Jeffrey M. Anderson, a former book publicist, has gone the self-publishing route with Ephemera ($15.99, Creatorspace, softcover). It is a perfect book to take to the beach to read on a summer’s day for its length, 420 pages, and densely written, compelling story about Nester Cab, a second-rate magazine writer whose life is changed when a mysterious note left in his office awakens his curiosity. He begins a search for a missing soldier and, in the course of it, discovers a clandestine anti-government organization and a hidden world of government conspiracies, real and imagined. Anderson is particularly adept at character description and the dialogue rings true. The novel is filled with madmen, killers, and megalomaniacs. It is a modern day journey for truth told with a mixture of satire and sadness. Ephemera is defined as "a short-lived thing, printed matter of passing interest." Your interest will be grabbed from the beginning to the end of this novel.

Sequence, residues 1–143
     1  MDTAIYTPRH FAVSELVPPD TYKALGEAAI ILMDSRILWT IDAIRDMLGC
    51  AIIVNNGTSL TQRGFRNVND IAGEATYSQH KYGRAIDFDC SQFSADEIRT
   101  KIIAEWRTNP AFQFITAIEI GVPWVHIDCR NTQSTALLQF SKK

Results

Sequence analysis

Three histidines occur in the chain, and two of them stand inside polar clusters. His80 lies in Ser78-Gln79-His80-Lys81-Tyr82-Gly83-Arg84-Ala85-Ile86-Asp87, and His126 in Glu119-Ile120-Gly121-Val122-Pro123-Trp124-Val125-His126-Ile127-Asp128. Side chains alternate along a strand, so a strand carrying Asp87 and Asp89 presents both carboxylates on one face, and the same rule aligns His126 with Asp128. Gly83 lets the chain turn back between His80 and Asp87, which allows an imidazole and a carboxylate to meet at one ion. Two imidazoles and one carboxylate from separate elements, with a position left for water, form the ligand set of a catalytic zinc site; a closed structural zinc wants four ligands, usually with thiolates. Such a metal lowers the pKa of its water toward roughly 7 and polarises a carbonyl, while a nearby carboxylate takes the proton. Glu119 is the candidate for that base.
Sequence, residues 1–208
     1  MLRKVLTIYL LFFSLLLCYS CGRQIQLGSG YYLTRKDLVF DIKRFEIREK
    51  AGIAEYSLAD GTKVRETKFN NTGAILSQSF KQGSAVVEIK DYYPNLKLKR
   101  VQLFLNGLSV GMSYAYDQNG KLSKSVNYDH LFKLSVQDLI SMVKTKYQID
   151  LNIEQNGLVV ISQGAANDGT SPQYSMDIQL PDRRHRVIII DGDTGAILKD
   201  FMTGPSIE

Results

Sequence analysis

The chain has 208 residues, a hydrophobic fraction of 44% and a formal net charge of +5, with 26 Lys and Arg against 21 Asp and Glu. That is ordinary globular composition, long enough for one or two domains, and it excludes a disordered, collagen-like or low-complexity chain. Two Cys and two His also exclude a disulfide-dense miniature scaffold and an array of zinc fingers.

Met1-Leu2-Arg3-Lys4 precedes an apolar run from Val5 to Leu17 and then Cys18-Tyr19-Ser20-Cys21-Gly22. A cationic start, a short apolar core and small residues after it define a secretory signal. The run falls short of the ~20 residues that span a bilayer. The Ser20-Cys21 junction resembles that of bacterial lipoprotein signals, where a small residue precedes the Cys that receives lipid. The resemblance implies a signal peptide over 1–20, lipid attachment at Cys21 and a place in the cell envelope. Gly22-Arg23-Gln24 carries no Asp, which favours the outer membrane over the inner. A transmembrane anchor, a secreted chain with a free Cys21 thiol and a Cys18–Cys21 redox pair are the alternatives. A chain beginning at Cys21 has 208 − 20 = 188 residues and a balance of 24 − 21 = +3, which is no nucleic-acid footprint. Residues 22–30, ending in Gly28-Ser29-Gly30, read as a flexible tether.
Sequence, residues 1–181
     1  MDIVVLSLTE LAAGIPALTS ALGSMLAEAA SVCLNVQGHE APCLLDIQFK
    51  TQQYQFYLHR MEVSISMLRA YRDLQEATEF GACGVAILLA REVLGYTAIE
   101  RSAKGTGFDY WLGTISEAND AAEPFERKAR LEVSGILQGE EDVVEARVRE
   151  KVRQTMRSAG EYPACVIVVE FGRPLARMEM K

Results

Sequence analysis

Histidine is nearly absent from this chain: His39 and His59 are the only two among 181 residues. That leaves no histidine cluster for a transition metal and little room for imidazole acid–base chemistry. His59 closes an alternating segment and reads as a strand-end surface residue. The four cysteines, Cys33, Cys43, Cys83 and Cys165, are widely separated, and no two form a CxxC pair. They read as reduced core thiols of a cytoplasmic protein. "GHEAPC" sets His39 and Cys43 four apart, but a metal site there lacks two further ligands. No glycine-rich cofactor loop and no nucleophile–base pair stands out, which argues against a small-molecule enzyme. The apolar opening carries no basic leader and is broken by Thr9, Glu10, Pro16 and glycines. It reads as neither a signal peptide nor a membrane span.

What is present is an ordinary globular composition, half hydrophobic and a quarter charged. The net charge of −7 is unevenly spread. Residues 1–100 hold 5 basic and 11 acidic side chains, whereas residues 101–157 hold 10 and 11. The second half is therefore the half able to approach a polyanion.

I think former Sen. Bob Graham’s novel, Keys to the Kingdom ($25.99, Vanguard Press) is going to generate a lot of buzz, a suspense novel that has the particular benefit of the fact the author served in Congress, knows its secrets, was the former Chairman of the Senate’s Select Committee on Intelligence for many years, and has written a timely story about terrorism, and nuclear proliferation. Sen. Graham’s writing style has an eye for detail that lends a verisimilitude to the story that begins with a New York Times opinion editorial by a Florida Senator who served as a co-chair of the 9/11 commission and is murdered not long after the piece is published. The issue raised is the full role that Saudi Arabia played in the 9/11 attack; something not seriously addressed by the commission. The Senator, sensing the danger he has provoked by his commentary, recruited an ex-Special Forces operative, Tony Ramos, providing him with detailed instructions for an investigation. Ramos joins forces with the slain senator’s daughter to uncover a shocking conspiracy linking Saudi Arabia, Osama bin Laden, and al Qaeda. It spans Saudi Arabia, India, Pakistan, and Afghanistan. At the heart of the novel is the question of whether Ramos and his team can stop an al Qaeda attack, this time nuclear, on American shores?